by Rick White

This content is part of a series.

Bitterness (7 of 7)
Rick White
Matthew 18:21-22 / Ephesians 4:31-21 / Hebrews 12:15

Introduction: (David Seay, March 1995)

Shortly after becoming the pastor of a small Baptist Church in north central Texas in 1975, one of the deacons suggested that I visit a member of the church whose wife had died about a year earlier. Mr. Lamar had not attended Bible study or worship for a number of years because, the deacon said, he had gotten mad about something. Whatever had caused him to become angry had occurred so long ago that no one in the church really remembered what had happened.

My first visit with Mr. Lamar was one of the most unusual encounters I've ever had with another person. He had two areas in his home that he wanted to be sure that I saw. One was his wife's bedroom. He had kept it just like it had been before she had died. The bed was made, including lace- covered throw pillows. Lace doilies, perfume bottles, a hand mirror and brush, and other items were all in place on the dresser, as if she were using the room. His other point of interest was a glass-fronted bookcase that sat in the middle of the living room floor. It contained a set of leather-bound literary classics that he had won in a drawing. He was so proud to have the books, although I never was impressed that he was the kind of person who would ever sit down and read any of them. They were just for show.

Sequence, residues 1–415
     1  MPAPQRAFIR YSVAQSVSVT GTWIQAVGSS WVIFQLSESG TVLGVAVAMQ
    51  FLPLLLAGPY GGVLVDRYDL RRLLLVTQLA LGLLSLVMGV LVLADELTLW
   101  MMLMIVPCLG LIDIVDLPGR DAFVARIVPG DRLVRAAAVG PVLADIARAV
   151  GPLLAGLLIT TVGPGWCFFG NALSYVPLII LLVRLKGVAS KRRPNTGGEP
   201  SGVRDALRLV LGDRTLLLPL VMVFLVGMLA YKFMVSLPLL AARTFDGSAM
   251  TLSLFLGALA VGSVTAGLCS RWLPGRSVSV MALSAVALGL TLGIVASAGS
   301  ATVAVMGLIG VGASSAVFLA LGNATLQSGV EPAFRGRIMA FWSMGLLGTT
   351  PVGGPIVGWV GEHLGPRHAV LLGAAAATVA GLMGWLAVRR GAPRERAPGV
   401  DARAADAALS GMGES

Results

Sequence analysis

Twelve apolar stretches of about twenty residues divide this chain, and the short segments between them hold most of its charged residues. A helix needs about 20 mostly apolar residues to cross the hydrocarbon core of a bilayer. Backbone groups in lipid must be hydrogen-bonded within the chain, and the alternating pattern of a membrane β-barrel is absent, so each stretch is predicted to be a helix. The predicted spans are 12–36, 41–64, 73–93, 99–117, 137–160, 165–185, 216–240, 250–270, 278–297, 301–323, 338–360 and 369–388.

As to the rest of the house, it was obvious that he and his dog lived in it. The dining room table was pushed up against the wall and was stacked with boxes and boxes of jigsaw puzzles. Pieces of one puzzle were spread out on the table. Although there were several chairs in the living room, only two were cleared enough to be used. One was his chair and the other one obviously belonged to the dog . .. . . .and to any guest who came along. In subsequent visits to Mr. Lamar's home, I chose to stand rather than sit in the dog's chair.

I've never known a man who was so lone ...

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